MRI systems, however, experienced above-average market growth between 2001 and 2008 (6.6%). The high growth in these categories was primarily due to the technological advances such as the 3T MRI and the application for a large number of disease conditions. These categories are expected to witness below average market growth rates in the future due to the high cost of the device and the effects of the economic recession on healthcare spending. A fall of 6.1% in growth is expected.
The diagnostic imaging landscape: computed tomography (CT)
GE Healthcare, Siemens Medical Solutions and Philips Medical Systems are the leading companies in the global diagnostic imaging market. Together, they make up 69.0% of the market. In 2007, GE Healthcare led the diagnostic imaging market with a 26.1% share, followed by Siemens Medical Solutions and Philips Medical Systems with 21.7% and 21.2% respectively.
Computed tomography (CT) is one of the biggest areas to keep an eye on. It is being increasingly used in the diagnosis of the majority of disease indications as an alternative to more invasive diagnostic procedures. A small example is its use as an alternative to angiography for the detection of coronary artery disease.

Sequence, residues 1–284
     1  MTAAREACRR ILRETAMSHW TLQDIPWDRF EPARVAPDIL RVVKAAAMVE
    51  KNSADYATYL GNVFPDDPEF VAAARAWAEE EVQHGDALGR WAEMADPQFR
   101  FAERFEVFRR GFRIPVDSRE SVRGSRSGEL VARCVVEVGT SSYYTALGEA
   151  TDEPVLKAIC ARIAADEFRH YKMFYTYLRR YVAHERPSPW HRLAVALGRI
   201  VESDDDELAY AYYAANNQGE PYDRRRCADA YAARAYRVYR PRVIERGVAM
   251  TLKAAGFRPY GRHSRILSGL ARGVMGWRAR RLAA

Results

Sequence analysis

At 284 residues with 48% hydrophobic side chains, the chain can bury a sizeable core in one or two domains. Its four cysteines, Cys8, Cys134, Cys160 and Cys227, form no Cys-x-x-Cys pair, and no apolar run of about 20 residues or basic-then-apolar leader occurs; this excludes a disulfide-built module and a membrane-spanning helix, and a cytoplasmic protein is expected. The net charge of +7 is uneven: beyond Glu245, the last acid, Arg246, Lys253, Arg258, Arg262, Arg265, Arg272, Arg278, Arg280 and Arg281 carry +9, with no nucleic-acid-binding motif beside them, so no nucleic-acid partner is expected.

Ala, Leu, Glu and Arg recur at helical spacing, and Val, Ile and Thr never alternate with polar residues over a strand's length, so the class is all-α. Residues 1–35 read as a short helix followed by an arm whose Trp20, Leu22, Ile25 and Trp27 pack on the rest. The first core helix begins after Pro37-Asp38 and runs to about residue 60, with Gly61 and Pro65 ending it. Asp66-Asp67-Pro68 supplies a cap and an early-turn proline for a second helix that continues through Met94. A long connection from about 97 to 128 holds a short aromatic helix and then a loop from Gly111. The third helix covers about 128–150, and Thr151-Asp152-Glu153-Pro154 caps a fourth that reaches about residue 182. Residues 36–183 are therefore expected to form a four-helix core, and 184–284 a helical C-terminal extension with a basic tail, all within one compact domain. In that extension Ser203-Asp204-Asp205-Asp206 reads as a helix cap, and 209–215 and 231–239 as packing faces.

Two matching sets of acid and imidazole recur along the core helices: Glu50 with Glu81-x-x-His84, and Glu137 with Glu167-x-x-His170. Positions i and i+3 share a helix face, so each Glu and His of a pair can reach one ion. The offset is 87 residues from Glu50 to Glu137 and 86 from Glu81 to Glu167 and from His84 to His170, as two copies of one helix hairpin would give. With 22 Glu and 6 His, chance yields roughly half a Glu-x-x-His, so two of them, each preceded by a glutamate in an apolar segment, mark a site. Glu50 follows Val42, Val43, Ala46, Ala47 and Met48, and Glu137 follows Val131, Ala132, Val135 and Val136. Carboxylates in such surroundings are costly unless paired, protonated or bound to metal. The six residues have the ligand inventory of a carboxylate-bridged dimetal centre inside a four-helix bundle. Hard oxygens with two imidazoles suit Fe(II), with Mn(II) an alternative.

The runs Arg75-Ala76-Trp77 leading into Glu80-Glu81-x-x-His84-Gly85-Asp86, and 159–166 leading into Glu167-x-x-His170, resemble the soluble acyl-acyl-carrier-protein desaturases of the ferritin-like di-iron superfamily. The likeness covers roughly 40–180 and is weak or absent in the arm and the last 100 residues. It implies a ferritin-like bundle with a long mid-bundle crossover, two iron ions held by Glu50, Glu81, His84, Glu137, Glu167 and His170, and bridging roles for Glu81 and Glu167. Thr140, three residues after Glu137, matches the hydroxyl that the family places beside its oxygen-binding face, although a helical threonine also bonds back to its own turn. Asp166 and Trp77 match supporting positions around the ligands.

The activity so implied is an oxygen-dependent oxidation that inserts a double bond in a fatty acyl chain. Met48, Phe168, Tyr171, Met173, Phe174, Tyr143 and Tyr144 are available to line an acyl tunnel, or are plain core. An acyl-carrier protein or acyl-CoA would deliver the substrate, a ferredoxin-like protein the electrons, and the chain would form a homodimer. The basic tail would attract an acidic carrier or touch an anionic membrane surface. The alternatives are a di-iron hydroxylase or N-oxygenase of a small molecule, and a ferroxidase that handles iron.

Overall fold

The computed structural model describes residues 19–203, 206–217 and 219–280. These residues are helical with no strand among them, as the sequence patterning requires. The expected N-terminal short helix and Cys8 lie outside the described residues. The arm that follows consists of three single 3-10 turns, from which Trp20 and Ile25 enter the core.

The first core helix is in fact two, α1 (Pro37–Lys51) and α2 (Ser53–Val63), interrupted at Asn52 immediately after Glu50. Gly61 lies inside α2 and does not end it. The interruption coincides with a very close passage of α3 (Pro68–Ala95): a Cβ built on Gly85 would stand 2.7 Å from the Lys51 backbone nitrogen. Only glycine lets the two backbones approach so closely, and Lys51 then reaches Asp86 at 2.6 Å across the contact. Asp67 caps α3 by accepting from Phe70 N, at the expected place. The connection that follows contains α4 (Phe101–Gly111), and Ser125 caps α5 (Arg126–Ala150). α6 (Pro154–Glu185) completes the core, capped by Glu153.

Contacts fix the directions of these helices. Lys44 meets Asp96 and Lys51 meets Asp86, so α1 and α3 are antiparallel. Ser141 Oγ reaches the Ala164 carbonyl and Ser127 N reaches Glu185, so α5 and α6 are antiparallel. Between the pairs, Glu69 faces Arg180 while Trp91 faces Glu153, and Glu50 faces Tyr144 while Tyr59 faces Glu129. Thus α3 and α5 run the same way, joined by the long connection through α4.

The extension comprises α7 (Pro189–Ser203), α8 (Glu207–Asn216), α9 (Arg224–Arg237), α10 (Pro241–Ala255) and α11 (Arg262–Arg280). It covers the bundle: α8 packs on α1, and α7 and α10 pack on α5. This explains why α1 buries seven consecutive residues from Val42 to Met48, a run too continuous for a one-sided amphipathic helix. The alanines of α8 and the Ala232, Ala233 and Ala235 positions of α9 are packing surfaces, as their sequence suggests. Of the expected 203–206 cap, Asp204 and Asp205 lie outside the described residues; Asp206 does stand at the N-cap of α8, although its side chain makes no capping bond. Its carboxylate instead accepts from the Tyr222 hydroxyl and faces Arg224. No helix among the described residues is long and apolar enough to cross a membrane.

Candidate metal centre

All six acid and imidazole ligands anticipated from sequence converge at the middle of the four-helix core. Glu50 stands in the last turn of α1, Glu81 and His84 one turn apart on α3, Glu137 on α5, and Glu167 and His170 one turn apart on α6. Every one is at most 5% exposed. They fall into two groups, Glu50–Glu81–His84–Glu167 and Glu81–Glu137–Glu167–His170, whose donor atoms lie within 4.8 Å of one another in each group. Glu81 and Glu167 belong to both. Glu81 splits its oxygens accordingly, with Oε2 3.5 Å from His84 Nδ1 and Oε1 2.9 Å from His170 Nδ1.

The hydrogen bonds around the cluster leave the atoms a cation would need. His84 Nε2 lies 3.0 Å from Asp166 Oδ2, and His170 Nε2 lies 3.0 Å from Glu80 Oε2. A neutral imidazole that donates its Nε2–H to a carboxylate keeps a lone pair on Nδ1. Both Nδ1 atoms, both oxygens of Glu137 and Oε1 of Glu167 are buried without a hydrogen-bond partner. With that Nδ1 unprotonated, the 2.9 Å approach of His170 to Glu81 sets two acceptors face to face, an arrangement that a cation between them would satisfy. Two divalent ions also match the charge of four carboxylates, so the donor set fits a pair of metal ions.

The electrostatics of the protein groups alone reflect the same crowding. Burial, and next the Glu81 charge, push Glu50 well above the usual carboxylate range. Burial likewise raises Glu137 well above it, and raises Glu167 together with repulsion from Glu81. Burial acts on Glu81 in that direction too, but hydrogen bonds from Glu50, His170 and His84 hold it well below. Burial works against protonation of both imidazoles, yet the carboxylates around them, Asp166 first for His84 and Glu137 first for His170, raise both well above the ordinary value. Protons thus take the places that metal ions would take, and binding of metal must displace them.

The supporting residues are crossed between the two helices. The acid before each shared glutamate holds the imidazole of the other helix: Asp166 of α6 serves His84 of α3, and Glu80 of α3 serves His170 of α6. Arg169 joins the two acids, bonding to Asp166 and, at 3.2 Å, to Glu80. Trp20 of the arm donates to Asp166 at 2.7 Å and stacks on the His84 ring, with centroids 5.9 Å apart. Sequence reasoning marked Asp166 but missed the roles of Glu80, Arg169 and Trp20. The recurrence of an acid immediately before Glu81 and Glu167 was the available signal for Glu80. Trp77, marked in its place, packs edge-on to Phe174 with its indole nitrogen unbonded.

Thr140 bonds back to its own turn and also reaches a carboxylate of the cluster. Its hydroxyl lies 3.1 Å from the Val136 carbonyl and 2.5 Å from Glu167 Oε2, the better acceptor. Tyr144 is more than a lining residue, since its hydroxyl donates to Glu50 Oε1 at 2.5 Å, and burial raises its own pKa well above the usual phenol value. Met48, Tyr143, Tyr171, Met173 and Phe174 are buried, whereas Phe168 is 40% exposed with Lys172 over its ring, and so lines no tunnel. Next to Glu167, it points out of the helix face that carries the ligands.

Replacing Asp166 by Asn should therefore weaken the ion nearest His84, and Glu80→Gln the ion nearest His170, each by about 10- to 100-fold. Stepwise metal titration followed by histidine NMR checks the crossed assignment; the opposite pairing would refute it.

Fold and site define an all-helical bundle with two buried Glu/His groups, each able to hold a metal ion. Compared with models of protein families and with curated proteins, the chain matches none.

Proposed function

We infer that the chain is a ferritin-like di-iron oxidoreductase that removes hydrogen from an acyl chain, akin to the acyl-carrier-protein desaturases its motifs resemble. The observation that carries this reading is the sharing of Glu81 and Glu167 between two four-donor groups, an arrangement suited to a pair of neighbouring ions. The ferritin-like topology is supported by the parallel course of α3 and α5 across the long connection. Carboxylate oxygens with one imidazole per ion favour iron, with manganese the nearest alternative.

Apart from the obvious benefit of being less invasive, CT is also seen to provide a cheaper and faster procedure for the detection of cardiovascular diseases, which bodes well for the technology moving forward.
There is one blight on CT technology that could, however, have a negative effect. Despite the number of tests being done using this model, there has been concern that the recommendation rates for further testing have also increased. This could indicate a gap in the effectiveness of CT to diagnose disease, and also explain why other technologies, such as MRI and ultrasound, are gaining ground.
Magnetic resonance imaging (MRI)
A key trend in the magnetic resonance imaging (MRI) sector is the shift from 1.5T (Tesla) to 3T MRI systems driven by the ability of the 3T MRI to scan smaller anatomies at higher resolutions and faster speeds. 3T provides an imaging solution for all patient types – individuals with larger anatomies and those with claustrophobia, thereby increasing imaging test volume.